Garish yet restrained, Eastern Promises has scarcely a wasted set-up. In a close middle shot that is pure Cronenberg, Nikolai's car eases in behind Anna's parked motorcycle, a vintage Ural that belonged to her father; it's a menacing gesture that stops just short of a flirtatious caress. ("Sentimental value," Nikolai repeats when she tells him why she treasures the bike. "I've heard of that.") Nikolai is not only the family driver but their mortician: He and Kirill retrieve a dead body from the killer's freezer. Nikolai softens the corpse with an electric hair dryer. "OK, now I'm going to do his teeth and cut off his fingers," he informs his comrades. "You might want to leave room." They do, and you might wish to as well, although Cronenberg insures that we stay--at least for a few beats.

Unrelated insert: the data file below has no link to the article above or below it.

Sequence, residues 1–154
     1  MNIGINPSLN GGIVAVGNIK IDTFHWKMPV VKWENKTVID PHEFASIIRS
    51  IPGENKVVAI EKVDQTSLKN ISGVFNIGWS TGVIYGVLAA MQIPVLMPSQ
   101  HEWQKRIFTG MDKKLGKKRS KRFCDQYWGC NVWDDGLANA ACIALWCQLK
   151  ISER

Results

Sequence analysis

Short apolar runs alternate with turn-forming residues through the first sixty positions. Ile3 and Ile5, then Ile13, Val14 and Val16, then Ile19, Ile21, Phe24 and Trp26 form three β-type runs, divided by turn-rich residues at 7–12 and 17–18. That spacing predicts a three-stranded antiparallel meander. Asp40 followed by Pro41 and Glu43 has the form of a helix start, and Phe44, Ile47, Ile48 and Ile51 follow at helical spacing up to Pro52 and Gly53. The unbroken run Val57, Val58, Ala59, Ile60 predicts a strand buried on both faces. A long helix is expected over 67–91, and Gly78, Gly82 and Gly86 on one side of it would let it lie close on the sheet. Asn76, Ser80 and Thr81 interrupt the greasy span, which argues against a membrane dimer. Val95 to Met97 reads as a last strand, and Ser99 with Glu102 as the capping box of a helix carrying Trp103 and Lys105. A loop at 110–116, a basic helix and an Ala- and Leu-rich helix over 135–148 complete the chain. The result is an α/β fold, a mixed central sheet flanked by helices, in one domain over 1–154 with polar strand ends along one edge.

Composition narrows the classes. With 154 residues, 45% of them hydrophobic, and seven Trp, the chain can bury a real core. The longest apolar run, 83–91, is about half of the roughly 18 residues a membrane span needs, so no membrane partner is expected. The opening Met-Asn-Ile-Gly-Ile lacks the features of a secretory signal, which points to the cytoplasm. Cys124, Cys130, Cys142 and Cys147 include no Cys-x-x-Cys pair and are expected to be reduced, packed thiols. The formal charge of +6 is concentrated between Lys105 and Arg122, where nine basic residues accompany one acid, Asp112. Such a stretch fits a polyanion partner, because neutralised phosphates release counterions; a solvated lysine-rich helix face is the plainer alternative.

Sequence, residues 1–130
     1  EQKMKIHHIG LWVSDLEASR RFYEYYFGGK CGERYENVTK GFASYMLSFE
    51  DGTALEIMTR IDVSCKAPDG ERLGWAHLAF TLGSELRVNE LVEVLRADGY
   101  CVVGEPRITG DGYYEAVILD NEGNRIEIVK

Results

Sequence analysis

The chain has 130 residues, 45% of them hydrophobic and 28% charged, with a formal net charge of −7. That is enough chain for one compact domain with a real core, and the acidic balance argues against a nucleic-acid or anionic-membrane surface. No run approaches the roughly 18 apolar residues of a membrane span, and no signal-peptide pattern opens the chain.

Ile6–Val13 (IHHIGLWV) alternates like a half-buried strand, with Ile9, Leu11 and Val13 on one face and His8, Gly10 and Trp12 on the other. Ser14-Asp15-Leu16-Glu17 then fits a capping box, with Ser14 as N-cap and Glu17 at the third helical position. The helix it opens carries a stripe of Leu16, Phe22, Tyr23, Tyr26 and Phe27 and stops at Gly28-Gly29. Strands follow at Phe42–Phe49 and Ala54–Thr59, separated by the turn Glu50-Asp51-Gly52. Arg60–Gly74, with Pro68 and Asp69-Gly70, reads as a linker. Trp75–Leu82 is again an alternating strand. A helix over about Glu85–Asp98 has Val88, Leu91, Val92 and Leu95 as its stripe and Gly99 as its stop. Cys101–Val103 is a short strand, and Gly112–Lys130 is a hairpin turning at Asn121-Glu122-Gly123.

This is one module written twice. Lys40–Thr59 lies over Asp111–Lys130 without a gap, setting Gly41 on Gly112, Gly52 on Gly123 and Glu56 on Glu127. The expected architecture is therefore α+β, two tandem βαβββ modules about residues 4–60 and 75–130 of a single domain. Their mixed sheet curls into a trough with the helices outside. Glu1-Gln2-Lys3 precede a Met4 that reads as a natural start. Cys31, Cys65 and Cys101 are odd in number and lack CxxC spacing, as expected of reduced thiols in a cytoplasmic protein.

Eastern Promises is a masterful mood piece with a surplus of atmosphere. Intermittently excerpted in voice-over, Tatiana's diary is the most awkward element in Knight's otherwise impeccable screenplay--although it does introduce a current of unambiguous, otherworldly innocence in this misty, indeterminate world. Everything else is fluid. Blood flows; rain is near-constant. Corpses are tossed into the Thames, but secrets keep bobbing to the surface. Late in the movie, Eastern Promises' homoerotic subtext bursts its banks and all but floods the screen in a steamy public bathhouse with an extraordinary action sequence that must have taken a week to film.